JF: Ok, so engagement is really the ultimate metric of social media success. Can you talk a little bit about what companies need to do to properly resource social media within the organization and then what alternatives they have to that?
CB: Ideally you could give one person this responsibility because it’s a daily task. You are trying to foster a relationship with current, prospective, and even unknown, candidates so it’s something that you continually need to be working on. And if you’re not continually engaging, you’re going to see your existing fan base decrease. So ideally, you would want one person managing it, whether that’s internal or outsourced, that’s the ideal.
The biggest problem today in this industry is that people jump in without any sort of plan. While you may have somebody in your company who you can have man this ship, if they don’t know where they’re going, it’s pretty much meaningless.
MM: And I think there’s skill sets there, too, that people might overlook. When you really break it down, you need to have PR skills, you need to be able to respond in a way that isn’t going to accelerate any negative sentiment that appears on the wall. You need to have marketing skills, so being able to portray the organization in a positive light and convince people and sell them on why they would want to work there. There really is a bigger, wider skill set that’s required to do something like this than what people initially think.
JF: How would a company who wants to begin to use social media for recruitment, specifically, how would they get started? What do they do first?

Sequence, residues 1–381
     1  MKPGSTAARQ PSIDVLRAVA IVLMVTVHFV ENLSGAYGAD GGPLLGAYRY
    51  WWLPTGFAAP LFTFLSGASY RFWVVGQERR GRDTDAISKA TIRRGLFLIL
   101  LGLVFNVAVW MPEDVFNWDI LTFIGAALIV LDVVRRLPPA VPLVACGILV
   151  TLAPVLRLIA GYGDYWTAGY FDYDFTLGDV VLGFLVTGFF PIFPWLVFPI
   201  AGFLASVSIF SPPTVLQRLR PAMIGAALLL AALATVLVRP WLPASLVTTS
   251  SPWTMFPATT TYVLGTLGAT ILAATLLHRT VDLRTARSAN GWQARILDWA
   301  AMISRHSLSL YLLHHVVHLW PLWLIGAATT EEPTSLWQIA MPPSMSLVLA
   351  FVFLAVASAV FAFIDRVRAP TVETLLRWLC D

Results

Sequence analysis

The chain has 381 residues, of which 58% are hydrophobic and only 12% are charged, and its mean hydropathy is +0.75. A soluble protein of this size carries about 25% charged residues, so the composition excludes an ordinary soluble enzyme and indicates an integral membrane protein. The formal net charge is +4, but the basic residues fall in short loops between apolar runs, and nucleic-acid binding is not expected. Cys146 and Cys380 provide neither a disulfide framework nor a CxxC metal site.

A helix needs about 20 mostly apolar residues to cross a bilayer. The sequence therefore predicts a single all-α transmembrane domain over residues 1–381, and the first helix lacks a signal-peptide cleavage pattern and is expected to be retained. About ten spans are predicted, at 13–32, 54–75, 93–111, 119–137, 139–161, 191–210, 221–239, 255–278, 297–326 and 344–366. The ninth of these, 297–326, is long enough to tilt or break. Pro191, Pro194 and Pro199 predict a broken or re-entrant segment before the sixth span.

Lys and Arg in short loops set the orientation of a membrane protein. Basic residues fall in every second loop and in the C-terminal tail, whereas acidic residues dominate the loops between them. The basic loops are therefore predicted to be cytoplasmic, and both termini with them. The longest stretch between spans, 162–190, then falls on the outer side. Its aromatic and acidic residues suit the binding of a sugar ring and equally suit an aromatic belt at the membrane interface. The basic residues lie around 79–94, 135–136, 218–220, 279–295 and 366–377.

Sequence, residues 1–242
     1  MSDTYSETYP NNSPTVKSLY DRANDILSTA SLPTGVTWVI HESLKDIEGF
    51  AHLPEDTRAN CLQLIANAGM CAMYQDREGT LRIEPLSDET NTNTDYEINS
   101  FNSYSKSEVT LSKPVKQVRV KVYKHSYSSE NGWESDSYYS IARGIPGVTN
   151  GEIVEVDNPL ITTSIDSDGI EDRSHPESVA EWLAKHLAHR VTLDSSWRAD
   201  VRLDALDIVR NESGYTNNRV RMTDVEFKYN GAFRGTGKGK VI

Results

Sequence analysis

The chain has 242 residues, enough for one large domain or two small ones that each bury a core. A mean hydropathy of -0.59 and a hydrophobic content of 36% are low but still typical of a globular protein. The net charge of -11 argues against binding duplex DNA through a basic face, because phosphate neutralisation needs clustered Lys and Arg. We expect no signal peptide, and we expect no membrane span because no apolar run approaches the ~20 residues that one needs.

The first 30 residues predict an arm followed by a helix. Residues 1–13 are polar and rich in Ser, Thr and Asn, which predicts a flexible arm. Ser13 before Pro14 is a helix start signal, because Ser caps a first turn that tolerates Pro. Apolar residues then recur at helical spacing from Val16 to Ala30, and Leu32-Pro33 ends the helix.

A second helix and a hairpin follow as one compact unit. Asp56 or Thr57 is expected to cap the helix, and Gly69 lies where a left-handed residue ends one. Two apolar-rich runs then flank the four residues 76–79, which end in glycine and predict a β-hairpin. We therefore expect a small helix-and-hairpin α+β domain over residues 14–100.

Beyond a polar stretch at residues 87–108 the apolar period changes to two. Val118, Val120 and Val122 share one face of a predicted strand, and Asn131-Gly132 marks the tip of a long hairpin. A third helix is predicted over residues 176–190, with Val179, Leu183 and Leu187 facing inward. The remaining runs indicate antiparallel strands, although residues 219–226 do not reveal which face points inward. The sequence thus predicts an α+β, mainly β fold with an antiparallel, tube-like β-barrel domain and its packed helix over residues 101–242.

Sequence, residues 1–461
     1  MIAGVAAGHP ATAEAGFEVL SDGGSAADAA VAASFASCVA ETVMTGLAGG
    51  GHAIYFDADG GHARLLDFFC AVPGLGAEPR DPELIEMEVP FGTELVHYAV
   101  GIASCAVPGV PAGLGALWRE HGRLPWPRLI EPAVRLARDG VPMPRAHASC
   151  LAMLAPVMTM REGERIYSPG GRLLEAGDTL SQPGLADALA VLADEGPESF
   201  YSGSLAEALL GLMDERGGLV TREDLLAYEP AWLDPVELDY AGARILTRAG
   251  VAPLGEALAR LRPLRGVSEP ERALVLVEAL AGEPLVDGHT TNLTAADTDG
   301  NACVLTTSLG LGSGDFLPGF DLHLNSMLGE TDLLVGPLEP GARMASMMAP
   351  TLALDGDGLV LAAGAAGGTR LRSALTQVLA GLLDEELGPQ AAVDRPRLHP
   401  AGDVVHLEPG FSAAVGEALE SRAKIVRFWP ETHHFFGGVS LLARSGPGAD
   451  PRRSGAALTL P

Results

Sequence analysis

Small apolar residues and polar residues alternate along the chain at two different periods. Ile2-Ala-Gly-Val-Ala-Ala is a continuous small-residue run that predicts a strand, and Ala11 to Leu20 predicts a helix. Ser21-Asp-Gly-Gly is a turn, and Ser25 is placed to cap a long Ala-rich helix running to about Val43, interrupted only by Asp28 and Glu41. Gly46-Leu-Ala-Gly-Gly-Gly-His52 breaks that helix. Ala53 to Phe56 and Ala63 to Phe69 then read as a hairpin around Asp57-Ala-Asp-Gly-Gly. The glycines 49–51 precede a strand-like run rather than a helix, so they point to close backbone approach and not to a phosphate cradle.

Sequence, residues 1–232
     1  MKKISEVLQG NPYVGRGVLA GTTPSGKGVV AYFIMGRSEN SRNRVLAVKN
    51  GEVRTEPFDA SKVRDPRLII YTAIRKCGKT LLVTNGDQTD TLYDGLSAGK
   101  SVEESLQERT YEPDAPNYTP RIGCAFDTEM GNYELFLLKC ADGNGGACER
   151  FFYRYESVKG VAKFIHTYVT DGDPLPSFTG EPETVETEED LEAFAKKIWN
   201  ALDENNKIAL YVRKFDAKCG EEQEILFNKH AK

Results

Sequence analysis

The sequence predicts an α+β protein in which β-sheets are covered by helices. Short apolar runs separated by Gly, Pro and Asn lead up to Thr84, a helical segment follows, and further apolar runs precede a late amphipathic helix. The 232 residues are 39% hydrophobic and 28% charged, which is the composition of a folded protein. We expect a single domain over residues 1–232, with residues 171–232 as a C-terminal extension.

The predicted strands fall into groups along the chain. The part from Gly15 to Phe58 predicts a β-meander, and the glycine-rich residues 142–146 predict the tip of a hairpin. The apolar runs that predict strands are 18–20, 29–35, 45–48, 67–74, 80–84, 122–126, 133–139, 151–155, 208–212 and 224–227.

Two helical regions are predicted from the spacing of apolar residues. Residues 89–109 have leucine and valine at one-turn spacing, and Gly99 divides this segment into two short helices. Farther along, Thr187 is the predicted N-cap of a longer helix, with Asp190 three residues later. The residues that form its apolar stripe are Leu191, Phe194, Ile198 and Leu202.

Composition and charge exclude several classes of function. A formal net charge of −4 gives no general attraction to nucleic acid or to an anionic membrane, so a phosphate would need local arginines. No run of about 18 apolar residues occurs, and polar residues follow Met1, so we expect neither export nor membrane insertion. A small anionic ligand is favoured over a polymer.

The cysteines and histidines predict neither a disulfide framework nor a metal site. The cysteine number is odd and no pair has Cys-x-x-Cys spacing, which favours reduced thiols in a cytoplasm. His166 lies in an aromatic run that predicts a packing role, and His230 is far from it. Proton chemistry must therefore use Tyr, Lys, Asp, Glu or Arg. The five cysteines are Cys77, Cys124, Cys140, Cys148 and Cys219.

MM: Social media is truly just an extension of what you’re doing today, so taking elements of your existing strategy that are successful and applying them to social media is the easiest way to start. For example, if internal referrals are a really great source of hires for an organization let’s take that internal referral program and spread the word on Facebook. Let’s engage your existing employees on Facebook and provide easier ways for them to share openings or career opportunities at your company with their Facebook friends. We’ve seen a lot of organizations post up job openings on their Facebook wall and then encourage people to share that with their friends who they think might be a fit and they get a lot of really good applications that way. So that’s one way to take something that’s a tried and true recruitment practice and apply it to social media.
CB: Once you have established your fan base and you feel like you’ve got an established community, then it’s time to look and see where you can expand to create more of a synergy. But Melissa hit it on the head: if it’s not integrated into your existing marketing recruitment efforts, and if it’s not well integrated, it’s severely damaging to the real overall effect it can have.
MM: And I think, too, for a lot of the companies that I’ve worked with that are successful in social media, they’ve gotten to the core and the root of their story. A perfect example is David’s Bridal. We recently started an engagement with them, and I sat down with one of their regional recruiters and she told me, we spoke for about 30 minutes, and I was about ready to join them when she was done. But it was really talking about what the true spirit was behind their brand and why people – once they were inside the organization – wouldn’t want to leave. So it’s those elements that I use to create the posts and the things that I talk about on the page. Finding those little elements that are unique about a company’s culture, and really bringing those to light on the page, is the easiest way to engage and get started.
JF: Well Melissa and Christina, thanks very much for sharing that information and sharing those stories with us. It’s such an exciting new place to be for a lot of companies and I think that hopefully listeners will get a lot of value out of this conversation and take that first step.Related